Investors have been paying close attention to how profitable Tesla’s cars are, particularly the Model 3 sedan. The federal tax credit on every Tesla vehicle sold was cut in half to $3,750 at the beginning of the year, after Tesla sold its allotted 200,000 units that qualified for the full credit.
“That 360,000 to 400,000 vehicles is within the band of what the street was expecting, and I think there were fears that would be significantly worse given what we saw in North America with the EV tax credit,” Wedbush analyst Dan Ives told CNBC.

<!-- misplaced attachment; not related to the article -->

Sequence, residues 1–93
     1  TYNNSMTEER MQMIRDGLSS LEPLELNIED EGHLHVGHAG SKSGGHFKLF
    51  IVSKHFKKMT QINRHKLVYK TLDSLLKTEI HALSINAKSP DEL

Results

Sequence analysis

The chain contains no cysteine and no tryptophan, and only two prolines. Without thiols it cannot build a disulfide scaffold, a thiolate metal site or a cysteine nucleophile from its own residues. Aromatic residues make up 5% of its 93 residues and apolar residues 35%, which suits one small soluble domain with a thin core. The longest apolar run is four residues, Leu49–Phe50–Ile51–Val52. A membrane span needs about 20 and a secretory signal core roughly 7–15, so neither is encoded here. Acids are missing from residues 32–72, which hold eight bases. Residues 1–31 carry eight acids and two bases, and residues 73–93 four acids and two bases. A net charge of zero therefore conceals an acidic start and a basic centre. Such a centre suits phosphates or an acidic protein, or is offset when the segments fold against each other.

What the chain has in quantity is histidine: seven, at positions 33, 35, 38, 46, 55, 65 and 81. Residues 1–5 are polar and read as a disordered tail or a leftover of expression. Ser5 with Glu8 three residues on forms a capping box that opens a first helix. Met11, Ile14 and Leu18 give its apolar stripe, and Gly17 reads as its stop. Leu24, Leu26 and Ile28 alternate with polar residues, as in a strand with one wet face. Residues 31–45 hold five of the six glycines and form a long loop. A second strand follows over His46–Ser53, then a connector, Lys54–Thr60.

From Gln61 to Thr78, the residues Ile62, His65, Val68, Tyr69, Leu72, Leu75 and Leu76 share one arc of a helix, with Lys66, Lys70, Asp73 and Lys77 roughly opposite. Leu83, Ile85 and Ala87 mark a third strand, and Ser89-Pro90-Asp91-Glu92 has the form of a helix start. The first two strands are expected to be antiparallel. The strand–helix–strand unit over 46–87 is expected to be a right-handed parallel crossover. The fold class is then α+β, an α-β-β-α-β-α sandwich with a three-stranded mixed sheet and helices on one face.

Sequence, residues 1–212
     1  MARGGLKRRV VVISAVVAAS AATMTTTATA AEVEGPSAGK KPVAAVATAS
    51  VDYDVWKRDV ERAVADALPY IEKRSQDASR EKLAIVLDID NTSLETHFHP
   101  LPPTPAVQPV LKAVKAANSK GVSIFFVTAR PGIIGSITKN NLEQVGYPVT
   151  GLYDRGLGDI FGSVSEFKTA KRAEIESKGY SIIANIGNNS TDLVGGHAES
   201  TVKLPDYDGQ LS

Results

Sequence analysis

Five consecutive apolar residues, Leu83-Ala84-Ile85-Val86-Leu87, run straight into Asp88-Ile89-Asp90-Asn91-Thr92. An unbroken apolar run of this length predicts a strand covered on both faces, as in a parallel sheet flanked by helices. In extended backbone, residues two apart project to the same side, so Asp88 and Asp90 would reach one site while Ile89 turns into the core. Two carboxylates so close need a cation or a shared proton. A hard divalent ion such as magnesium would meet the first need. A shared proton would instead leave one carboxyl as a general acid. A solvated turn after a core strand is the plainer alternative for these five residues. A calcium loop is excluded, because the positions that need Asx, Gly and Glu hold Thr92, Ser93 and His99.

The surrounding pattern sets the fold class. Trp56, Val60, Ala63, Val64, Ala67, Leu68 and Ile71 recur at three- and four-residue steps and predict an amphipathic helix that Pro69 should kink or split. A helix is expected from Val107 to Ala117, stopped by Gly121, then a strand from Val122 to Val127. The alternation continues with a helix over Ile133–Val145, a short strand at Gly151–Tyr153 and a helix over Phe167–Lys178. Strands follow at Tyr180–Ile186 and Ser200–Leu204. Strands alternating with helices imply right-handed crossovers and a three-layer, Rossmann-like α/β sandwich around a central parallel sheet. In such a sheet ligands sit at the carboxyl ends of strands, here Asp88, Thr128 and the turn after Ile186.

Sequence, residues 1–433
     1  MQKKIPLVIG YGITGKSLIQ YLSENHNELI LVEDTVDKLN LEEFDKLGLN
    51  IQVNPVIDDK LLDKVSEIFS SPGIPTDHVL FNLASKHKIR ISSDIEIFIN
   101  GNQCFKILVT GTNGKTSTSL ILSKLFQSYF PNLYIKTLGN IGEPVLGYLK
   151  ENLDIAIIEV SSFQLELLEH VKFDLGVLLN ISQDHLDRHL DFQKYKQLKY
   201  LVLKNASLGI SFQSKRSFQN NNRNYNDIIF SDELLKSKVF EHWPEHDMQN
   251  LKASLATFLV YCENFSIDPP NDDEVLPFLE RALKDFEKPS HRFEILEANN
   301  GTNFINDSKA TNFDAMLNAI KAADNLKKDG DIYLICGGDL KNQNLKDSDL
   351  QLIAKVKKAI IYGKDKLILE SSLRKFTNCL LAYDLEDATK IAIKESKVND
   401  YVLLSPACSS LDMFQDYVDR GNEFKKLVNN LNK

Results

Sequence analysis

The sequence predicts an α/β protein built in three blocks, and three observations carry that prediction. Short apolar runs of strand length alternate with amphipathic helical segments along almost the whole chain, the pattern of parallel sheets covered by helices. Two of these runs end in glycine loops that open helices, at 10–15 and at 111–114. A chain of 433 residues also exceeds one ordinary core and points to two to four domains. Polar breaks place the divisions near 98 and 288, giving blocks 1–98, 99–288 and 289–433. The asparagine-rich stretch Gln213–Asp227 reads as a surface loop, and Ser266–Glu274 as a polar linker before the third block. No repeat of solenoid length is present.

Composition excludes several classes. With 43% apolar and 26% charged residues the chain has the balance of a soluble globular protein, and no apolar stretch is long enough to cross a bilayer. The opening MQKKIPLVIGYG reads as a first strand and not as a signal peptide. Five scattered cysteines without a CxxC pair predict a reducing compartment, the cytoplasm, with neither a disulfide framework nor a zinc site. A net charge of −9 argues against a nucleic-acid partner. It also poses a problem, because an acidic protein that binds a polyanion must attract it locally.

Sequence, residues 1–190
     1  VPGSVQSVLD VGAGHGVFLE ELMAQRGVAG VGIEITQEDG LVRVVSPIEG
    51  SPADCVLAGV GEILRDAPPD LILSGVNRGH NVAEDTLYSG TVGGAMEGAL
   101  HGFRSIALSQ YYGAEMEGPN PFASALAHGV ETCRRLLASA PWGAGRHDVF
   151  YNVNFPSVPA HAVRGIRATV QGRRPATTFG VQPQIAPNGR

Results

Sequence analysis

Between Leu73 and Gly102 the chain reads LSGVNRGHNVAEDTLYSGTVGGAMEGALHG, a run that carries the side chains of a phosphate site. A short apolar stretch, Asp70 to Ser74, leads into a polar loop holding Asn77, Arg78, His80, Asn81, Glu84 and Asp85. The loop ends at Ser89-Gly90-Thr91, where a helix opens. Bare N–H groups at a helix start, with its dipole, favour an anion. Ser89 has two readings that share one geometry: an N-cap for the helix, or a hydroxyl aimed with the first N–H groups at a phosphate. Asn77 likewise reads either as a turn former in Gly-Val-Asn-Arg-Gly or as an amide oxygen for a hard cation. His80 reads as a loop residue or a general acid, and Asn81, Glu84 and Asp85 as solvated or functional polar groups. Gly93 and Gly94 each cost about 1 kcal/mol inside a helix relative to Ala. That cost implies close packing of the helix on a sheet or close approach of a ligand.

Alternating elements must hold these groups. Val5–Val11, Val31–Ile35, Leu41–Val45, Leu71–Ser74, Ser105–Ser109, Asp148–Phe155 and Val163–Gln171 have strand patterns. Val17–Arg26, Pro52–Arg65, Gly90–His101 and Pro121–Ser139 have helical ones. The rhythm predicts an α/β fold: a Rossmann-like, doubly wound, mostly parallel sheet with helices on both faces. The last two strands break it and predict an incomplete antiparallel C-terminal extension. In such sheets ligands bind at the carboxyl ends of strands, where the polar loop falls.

Jessica Caldwell, Edmunds’ executive director of industry analysis, sees a tough year ahead for Tesla.
“Things really aren’t going to get any better for Tesla in the U.S. than they did at the end of 2018,” she told CNBC on Wednesday. “Turning a profit, creatively addressing production challenges and getting the Model 3 to the masses were huge milestones, but keeping up this momentum is going to be virtually impossible.”
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